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Columbia University

Columbia University

Private ivy league research university in new york city

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Isabel B. Slone
October 7, 2021
Canadian Business - How to Do Business Better
Real estate entrepreneur Anshul Ruparell is changing the way Canadians sell homes with his start-up, Properly.
Jennifer Ouellette
September 23, 2021
Ars Technica
Setup can't synthesize complete meals like the Star Trek Replicator, but it's a start
By MICHAEL LIEDTKE and BARBARA ORTUTAY
September 8, 2021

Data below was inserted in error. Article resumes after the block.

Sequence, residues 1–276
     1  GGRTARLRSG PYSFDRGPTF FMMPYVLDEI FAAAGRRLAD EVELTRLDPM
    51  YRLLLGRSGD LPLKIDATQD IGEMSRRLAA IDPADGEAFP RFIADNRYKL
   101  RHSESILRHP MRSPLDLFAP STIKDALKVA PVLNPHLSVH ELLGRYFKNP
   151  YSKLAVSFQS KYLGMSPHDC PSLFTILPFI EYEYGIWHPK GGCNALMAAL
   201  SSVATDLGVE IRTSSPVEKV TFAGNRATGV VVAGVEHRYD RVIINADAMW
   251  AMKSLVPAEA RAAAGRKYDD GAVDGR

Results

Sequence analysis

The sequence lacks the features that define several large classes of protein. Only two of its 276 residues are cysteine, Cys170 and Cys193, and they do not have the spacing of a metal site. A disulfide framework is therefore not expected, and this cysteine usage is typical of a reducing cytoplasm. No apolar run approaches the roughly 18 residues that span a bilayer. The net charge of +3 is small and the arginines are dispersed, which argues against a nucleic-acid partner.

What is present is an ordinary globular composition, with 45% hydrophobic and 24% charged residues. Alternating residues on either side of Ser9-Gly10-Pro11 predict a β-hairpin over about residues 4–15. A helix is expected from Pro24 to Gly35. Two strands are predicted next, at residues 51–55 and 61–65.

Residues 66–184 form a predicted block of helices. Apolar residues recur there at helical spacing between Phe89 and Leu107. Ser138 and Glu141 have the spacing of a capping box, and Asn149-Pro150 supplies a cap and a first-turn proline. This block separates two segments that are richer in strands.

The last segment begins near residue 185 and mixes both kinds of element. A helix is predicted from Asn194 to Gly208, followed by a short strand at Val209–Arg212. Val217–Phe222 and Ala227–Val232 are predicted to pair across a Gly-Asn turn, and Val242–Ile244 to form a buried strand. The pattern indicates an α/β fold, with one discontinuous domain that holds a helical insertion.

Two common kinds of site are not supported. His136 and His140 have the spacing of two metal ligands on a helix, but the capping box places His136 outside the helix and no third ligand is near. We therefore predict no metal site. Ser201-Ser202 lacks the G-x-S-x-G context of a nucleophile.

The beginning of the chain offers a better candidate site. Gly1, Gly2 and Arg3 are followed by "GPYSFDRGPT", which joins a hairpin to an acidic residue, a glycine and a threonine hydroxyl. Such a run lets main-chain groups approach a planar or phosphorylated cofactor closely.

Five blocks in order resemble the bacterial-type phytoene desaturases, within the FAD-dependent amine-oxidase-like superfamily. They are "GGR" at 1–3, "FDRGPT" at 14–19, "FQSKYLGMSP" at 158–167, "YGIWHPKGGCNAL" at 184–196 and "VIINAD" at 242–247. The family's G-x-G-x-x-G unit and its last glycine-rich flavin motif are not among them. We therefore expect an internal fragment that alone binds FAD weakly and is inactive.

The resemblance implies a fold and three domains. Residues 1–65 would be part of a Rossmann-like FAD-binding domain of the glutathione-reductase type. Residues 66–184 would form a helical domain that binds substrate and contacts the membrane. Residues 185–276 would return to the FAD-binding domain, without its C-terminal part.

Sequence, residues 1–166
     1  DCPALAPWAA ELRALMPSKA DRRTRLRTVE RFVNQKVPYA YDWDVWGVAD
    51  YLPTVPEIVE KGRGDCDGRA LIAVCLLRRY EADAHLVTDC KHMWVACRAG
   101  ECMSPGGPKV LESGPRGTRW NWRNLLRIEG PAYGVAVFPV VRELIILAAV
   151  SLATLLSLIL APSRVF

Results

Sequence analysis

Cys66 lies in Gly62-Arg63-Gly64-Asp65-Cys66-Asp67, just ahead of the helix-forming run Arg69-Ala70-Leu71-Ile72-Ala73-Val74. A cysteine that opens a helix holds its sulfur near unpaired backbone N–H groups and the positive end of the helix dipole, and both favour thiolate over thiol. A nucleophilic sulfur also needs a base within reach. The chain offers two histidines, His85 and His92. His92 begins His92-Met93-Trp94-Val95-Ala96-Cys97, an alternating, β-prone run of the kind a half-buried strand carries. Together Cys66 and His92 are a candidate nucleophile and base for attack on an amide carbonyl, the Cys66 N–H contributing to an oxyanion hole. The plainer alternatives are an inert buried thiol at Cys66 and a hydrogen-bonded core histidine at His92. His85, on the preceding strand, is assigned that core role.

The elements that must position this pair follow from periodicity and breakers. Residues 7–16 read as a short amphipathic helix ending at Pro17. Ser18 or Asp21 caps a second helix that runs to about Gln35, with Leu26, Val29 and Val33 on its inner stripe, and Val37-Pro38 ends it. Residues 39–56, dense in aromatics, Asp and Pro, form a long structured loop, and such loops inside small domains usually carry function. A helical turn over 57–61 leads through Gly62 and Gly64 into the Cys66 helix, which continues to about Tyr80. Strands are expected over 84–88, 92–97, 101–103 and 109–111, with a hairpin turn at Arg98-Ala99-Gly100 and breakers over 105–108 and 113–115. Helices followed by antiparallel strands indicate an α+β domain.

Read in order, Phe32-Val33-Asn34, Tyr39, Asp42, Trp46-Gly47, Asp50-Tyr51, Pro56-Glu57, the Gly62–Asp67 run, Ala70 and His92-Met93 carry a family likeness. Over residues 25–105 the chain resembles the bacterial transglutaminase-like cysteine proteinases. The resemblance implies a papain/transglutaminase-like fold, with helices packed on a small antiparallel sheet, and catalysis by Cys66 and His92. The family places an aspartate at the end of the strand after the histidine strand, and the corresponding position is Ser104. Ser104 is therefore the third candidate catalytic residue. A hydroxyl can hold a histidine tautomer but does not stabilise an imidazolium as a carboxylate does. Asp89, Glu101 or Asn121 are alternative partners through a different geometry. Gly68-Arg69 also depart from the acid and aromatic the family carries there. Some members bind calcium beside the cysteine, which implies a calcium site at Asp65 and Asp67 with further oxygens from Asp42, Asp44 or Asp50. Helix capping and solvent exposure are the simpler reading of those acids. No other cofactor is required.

AP NEWS
SAN FRANCISCO (AP) -- Technology companies that led the charge into remote work as the pandemic unfurled are confronting a new challenge as the crisis winds down: how, when and even whether they should bring long-isolated employees back to offices that have been designed for teamwork.
MICHAEL LIEDTKE and BARBARA ORTUTAY AP Technology Writers
September 8, 2021
ABC News
Thriving Silicon Valley companies were among the first to embrace remote work during the pandemic, but they've struggled over how to recall their high-paid employees to the office
By JOE McDONALD
September 8, 2021
AP NEWS
BEIJING (AP) -- An avalanche of changes launched by China's ruling Communist Party has jolted everyone from tech billionaires to school kids. Behind them: President Xi Jinping's vision of making a more powerful, prosperous country by reviving revolutionary ideals, with more economic equality and tighter party control over society and entrepreneurs.